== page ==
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Economic development
AKDN has been active in economic development projects in Cote d'Ivoire since the 1960s. Starting in the packaging industry, over the last half century, the Aga Khan Fund for Economic Development, through Industrial Promotion Services (IPS) has expanded to Agribusiness and Infrastructure projects.

In the 1960s, Cote d'Ivoire was focusing on cocoa as the crop that would drive its development. Yet it lacked a packaging capability and so the cocoa pods and beans were rotting on the ground. AKDN agencies had already invested in the jute industry in Bangladesh, where this fibrous plant was used to manufacture sturdy sacks for packaging local foodstuffs. Rather than importing large quantities of these sacks from Bangladesh, IPS decided to manufacture jute sacks in Côte d’Ivoire. This first packaging factory, called Filtisac, became the economic engine driving IPS in West Africa in 1965.

Filtisac Côte d’Ivoire s.a. is an AKFED project company that produces jute and polypropylene bags for the packaging and transport of goods to local and export markets.
AKDN / Lucas Cuervo Moura

West Africa underwent major changes during the late 1990s. Governments decided to privatise large swathes of the economy which had previously remained under state ownership. The agribusiness sector opened up to private investments. This was the perfect opportunity for IPS to take a closer interest in the commodities its factories were packaging with such consummate professionalism. In 1998, IPS, in conjunction with the Swiss company Paul Reinhart-AG, acquired three cotton production units located in the north-west of the country, and created Ivoire Coton. A decade later the group also acquired the M’Bengué production unit, located further to the north, which merged with Ivoire Coton in 2012. Then in 2014, IPS moved into one of Côte d’Ivoire’s most promising agribusiness sectors: processing cashew nuts into kernels, establishing Cajou des Savanes in Bouaké in 2014.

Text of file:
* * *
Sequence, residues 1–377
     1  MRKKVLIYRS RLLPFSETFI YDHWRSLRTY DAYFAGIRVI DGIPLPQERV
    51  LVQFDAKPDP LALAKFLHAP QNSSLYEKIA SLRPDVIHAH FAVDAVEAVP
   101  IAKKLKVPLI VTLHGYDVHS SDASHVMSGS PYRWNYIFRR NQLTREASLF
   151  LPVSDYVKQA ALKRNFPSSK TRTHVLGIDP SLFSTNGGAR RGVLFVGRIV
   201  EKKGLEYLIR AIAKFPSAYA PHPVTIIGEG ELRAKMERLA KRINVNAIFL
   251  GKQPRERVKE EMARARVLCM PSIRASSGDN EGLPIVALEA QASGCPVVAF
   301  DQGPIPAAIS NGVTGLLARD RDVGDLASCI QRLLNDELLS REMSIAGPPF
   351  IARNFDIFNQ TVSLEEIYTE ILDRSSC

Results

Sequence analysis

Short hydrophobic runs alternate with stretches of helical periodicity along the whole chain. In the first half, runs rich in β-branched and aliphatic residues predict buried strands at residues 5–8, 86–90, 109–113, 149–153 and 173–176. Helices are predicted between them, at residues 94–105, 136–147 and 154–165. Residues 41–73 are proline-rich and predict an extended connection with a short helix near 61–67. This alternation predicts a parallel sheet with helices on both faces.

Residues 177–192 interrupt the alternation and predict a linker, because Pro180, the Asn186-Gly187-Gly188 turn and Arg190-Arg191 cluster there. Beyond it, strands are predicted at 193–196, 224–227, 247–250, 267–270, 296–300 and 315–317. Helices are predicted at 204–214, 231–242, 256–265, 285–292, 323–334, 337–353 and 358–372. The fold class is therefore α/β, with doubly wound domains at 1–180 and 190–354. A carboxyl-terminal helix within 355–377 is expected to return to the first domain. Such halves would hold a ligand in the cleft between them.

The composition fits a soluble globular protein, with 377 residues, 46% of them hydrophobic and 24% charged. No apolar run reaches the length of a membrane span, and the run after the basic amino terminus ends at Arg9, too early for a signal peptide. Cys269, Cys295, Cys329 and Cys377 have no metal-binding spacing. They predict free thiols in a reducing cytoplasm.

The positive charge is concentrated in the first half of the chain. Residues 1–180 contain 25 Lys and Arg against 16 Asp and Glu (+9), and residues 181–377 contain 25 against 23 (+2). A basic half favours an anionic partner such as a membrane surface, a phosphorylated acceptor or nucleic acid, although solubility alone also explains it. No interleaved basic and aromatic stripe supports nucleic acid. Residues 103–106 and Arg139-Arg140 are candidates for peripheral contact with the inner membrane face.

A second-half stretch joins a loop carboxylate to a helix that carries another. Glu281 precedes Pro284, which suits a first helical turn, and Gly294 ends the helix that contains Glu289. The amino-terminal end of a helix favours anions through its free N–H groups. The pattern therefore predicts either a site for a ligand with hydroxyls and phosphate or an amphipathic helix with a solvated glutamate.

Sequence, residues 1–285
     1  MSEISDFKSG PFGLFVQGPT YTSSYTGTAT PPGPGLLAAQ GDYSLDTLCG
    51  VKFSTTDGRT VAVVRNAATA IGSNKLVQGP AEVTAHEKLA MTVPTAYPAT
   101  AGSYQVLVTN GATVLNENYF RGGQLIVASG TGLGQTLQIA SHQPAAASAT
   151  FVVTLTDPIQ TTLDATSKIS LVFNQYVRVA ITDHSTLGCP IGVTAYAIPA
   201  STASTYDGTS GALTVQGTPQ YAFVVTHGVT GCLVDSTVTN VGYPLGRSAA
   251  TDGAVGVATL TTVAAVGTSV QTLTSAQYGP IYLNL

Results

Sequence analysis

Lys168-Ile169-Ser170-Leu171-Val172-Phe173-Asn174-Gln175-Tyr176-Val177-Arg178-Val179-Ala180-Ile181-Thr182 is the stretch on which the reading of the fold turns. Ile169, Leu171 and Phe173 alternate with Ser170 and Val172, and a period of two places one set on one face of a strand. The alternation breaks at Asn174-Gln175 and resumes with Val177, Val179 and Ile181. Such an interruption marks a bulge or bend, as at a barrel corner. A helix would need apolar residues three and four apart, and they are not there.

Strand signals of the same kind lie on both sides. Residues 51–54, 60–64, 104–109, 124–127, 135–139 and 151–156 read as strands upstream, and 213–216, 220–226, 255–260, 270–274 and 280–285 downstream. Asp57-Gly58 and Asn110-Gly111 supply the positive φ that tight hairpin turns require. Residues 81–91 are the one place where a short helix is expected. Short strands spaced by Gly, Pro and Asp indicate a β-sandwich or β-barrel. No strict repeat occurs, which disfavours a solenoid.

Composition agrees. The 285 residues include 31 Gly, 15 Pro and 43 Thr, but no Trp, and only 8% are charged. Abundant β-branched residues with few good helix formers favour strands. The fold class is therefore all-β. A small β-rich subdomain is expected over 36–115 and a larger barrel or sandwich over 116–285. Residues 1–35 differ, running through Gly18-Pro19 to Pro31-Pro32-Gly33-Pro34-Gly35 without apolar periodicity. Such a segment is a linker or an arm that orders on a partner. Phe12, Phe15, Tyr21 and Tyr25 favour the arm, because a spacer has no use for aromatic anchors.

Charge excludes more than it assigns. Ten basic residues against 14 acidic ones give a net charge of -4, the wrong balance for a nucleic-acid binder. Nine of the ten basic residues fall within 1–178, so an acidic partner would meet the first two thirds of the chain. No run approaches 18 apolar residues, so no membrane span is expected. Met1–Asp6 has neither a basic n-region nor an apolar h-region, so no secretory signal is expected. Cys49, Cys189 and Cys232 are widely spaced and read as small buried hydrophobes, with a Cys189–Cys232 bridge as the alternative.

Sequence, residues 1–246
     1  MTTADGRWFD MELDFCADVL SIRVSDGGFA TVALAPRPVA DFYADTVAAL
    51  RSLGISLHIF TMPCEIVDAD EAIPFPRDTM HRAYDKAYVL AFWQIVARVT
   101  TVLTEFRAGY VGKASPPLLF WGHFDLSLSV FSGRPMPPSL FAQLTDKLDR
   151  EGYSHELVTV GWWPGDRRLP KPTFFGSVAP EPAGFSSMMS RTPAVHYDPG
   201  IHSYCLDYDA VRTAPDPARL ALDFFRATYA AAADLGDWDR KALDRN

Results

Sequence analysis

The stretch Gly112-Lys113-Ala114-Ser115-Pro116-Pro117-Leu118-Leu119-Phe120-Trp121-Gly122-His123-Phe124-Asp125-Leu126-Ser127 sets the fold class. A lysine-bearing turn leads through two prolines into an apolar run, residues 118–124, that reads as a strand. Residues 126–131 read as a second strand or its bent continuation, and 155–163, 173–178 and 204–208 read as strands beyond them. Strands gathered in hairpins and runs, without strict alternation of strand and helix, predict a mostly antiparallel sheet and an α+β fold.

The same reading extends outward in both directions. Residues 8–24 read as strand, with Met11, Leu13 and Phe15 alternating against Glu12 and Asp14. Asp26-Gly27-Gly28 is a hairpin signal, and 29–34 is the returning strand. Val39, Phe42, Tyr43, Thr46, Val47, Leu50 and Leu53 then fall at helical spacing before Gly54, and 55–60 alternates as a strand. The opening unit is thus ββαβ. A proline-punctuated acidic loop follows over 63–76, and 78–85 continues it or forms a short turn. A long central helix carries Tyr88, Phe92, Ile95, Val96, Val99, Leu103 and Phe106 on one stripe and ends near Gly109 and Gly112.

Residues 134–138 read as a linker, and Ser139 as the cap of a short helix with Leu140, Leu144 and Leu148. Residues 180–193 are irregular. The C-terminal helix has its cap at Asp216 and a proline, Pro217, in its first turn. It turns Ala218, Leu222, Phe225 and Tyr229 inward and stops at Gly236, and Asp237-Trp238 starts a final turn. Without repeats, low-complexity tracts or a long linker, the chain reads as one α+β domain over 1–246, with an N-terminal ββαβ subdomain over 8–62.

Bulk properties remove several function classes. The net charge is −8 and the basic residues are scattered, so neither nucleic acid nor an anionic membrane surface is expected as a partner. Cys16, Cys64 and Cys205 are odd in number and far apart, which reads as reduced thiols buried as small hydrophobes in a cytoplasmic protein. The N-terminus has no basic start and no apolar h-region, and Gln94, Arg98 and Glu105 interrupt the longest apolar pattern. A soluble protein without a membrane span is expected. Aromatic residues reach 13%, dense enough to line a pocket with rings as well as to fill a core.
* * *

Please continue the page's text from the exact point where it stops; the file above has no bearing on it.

As with all aspects of AKDN, investments are usually made for the long term, and hence projects need to be sustainable. Ensuring their long-term viability depends on addressing persistent infrastructural constraints. Frequently there are delays in getting harvests to the processing units, and delays in getting the processed products to customers – while the factories suffer from inadequate energy availability. To address this, IPS has been involved in the development of the Azito power station near Abidjan since 1997. Azito is becoming Côte d’Ivoire’s leading electricity supplier, with one of the most powerful and efficient thermal power plants in Africa. In 2015, Azito inaugurated its third turbine, powered exclusively by waste from the two other turbines – fulfilling another key objective for IPS: sustainable development. 

IPS remains driven by a dual ambition: demonstrating that it is possible – indeed even profitable – to process raw materials in Africa, while at the same time creating jobs and improving the living standards of the local people attached to its various industrial centres. For example, Ivoire Coton provides work for around 50,000 producers in northern Côte d’Ivoire. Together the various factories and companies within IPS in West Africa directly employ nearly 4,500 people who enjoy social welfare support and educational funding for their children. Every job created impacts a family – which means that some 600,000 people are feeling the benefit of IPS (WA)’s expansion in West Africa.

The Azito power facility, Côte d'Ivoire.